How to Address PCI DSS Requirements

 Do you accept, store or process credit card information on your website?

The Payment Card Industry Data Security Standard (PCI DSS), is a set of security guidelines applicable to all organizations that accept, store, and process credit card information.

It is not dictated by the volume of transactions or restricted solely to storage, transmission, and processing; it applies to any business that allows credit card payments.

Even if you leverage third-party services like Stripe, Recurly, PayPal, or another secure payment option, you have an obligation to follow the requirements as set forth by PCI DSS.

Do You Conduct PCI Scans Regularly?

If you’re not having regular scans, your business may be out of PCI compliance and you may experience a data security breach. A breach means that someone has compromised your system and gotten a hold on of your customer data. You can lose a ton of money – or worse – your whole business.

Is your website protected with a Web Application Firewall? 

A Website Application Firewall is a major part to becoming PCI compliant.

You’re Responsible for Your Website’s Compliance

If your website is found to be non-compliant with PCI standards, your company will be the one incurring the financial penalties because of it. Your web developer or web hosting company will not be fined.

Not doing so could open your business up to being sued by customers if there is a security breach, and/or being fined by your credit card processor.

What are the requirements?

The current version of the PCI DSS is 3.2.1, published in May 2018. While the PCI DSS has only 12 major requirements, each one can have a dozen or more sub-requirements.

Here is an overview of the requirements:

PCI DSS Requirement 1: Protect your system with firewalls

The first requirement of the PCI DSS is to protect your system with firewalls.

PCI DSS Requirement 2: Configure passwords and settings

PCI Requirement 2 states that you should not use vendor-supplied defaults for system passwords and other security parameters.

PCI DSS Requirement 3: Protect stored cardholder data

According to requirement 3, stored card data must be encrypted using industry-accepted algorithms. The best way to meet this requirement is to use a trusted payment gateway and not store credit card details. By only maintaining customer IDs and successful payment confirmations, you significantly reduce the impact of a compromise.

PCI DSS Requirement 4: Encrypt Transmission of Cardholder Data

Requirement 4 of the PCI-DSS states that you must encrypt transmission of cardholder data across open, public networks.

PCI DSS Requirement 5. Protect all systems against malware and regularly update anti-virus software or programs

Under most circumstances, bad actors don’t manually hand-pick websites to attack since this is very time consuming. The majority of attacks against websites are automated and performed by bots who are looking for websites with known vulnerabilities.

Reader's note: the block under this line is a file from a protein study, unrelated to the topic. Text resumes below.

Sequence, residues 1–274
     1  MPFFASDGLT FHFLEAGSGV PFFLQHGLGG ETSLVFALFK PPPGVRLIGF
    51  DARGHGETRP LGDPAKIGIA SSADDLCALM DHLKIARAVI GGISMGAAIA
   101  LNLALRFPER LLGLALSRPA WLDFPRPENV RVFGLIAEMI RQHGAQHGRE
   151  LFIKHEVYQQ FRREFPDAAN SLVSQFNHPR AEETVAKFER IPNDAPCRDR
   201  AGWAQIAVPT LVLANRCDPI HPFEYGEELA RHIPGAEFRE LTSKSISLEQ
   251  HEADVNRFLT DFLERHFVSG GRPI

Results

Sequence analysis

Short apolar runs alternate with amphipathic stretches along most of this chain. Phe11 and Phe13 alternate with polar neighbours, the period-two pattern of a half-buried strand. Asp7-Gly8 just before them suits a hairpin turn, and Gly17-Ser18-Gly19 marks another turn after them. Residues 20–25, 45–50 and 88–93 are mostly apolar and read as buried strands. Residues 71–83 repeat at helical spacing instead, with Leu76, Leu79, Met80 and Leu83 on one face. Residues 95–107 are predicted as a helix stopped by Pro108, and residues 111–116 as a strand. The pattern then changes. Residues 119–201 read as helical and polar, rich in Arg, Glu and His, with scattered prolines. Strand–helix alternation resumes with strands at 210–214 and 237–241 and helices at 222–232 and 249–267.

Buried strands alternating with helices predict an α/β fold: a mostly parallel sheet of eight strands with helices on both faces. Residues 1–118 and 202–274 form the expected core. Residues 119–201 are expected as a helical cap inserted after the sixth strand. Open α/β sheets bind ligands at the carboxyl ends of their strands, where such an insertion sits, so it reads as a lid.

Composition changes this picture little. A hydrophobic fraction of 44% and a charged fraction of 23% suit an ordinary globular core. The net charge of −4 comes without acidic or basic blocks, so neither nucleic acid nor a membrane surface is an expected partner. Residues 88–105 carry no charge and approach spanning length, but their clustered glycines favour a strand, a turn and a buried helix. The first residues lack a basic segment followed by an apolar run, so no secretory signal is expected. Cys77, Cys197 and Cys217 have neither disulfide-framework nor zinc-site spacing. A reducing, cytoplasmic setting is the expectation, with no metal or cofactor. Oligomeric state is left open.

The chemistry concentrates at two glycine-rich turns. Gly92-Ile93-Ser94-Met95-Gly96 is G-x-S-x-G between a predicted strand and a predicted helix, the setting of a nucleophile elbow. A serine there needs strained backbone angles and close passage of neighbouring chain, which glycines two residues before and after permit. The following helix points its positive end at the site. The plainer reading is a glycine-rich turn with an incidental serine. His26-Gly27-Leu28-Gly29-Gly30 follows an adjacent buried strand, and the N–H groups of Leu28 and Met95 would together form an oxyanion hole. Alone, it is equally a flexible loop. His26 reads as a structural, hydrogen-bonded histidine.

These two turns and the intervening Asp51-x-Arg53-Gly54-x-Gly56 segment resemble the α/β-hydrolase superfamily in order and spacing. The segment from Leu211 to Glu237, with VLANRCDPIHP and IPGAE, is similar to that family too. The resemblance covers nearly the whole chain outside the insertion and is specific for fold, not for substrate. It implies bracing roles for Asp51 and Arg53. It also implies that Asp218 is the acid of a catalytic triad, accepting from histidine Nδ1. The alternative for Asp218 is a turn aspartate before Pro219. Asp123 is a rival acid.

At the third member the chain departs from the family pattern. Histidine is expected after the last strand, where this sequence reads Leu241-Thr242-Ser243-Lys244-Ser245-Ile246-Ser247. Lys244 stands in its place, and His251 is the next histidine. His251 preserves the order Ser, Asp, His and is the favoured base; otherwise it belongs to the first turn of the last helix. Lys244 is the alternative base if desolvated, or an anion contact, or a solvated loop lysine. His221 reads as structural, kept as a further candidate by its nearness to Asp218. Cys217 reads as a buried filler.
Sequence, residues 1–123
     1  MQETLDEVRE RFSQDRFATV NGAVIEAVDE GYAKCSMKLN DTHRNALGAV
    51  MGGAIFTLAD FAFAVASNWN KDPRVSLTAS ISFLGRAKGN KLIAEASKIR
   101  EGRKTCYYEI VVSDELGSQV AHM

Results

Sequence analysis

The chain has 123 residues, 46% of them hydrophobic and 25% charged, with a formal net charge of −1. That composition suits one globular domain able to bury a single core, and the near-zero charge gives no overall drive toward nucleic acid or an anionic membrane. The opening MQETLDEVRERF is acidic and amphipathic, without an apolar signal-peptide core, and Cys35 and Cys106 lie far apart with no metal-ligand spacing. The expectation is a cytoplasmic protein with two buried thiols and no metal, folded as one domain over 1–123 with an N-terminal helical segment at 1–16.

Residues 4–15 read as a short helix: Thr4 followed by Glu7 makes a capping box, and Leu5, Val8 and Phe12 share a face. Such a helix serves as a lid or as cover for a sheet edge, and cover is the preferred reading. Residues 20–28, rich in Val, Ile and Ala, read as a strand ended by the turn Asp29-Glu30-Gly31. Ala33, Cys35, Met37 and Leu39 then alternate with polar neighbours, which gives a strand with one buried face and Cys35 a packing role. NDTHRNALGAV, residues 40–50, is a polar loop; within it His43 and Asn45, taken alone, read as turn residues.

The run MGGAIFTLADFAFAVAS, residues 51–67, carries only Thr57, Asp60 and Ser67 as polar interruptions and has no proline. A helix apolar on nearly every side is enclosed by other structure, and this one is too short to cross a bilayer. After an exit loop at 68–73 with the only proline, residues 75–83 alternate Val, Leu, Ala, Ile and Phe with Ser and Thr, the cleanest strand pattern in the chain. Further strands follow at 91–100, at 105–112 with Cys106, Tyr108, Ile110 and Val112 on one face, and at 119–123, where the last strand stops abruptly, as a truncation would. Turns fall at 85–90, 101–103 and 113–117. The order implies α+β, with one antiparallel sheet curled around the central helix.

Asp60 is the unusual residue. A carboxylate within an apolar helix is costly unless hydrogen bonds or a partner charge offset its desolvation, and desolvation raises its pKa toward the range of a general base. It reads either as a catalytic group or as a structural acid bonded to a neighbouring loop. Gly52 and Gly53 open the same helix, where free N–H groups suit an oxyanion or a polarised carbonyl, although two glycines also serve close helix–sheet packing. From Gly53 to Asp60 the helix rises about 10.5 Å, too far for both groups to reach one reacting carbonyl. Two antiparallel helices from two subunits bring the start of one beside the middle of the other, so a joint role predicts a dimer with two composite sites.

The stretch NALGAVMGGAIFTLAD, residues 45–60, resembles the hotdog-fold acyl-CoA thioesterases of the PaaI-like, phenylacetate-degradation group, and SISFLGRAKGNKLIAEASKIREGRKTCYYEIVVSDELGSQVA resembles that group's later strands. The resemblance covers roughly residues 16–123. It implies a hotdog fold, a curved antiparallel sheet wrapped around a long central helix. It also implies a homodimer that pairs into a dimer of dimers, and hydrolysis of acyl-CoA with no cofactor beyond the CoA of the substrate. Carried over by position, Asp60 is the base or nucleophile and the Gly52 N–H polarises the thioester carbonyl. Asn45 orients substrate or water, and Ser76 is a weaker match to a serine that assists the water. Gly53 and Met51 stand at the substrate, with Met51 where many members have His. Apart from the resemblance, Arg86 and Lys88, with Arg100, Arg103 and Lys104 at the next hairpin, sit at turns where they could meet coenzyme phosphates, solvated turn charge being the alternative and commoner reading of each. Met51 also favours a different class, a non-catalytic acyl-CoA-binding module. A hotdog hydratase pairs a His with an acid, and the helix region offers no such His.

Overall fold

PCI DSS Requirement 6: Develop and Maintain Secure Systems and Applications

PCI Requirement 6 states that website owners must ensure system components are protected from known vulnerabilities and common coding vulnerabilities must be addressed.

It doesn’t matter if you’re just starting out and your website is small with very little traffic. If you have a vulnerable CMS, extension, plugin, or theme on your website you will likely be identified by a malicious bot at some point in the future.

PCI DSS Requirement 7: Restrict access to cardholder data by business need-to-know

PCI Requirement 7 states that you must restrict access to cardholder data by business need-to-know. This means configuring your systems so that they’re only accessible to authorized individuals.

PCI Requirement 8 states: Identify and authenticate access to system components

Requirement 8 states that you assign a unique ID to each person with access to system components so you can limit their access and monitor their activities.

PCI DSS Requirement 9: Restrict physical access to workplace and cardholder data

PCI Requirement 9 states that you must restrict physical access to cardholder data. You are not allowed to store sensitive information like payment card data out in the open.

PCI DSS Requirement 10: Implement logging and log management

PCI Requirement 10 is one of the most important requirements for PCI compliance. This requirement explicitly states that you must implement audit trails and review logs to monitor your web assets and identify a compromise or data breach.

PCI DSS Requirement 11: Conduct vulnerability scans and penetration tests

PCI Requirement 11 states that you must regularly test security systems and processes. This includes scanning and reporting on potential vulnerabilities on your website.

PCI DSS Requirement 12: Documentation and risk assessments

The final requirement for PCI compliance is to keep documentation, policies, procedures, and evidence relating to your company’s security practices.


How we can help

PCI has 12 core requirements, divided into hundreds of items that you must follow. For many businesses, the concept of becoming PCI DSS compliant can be overwhelming.

The security solution of ReconByte will help you achieve many of them by providing a cloud-based Web Application Firewall (WAF) & Intrusion Detection System for your websites. With our solution you get:


  • Fully managed and updated Web Application Firewall
  • Protection against OWASP Top 10 threats
  • Application security monitoring and virtual patching
  • Real time alerting, incident handling and response
  • Continuous analysis of WAF and environment logs

Choose the right plan for your business

Cloud-based solution - No hardware or software to install. No changes needed to your website. No change of host. We do a simple 2 minutes DNS change to ensure all traffic to your site is routed through and protected by our solution.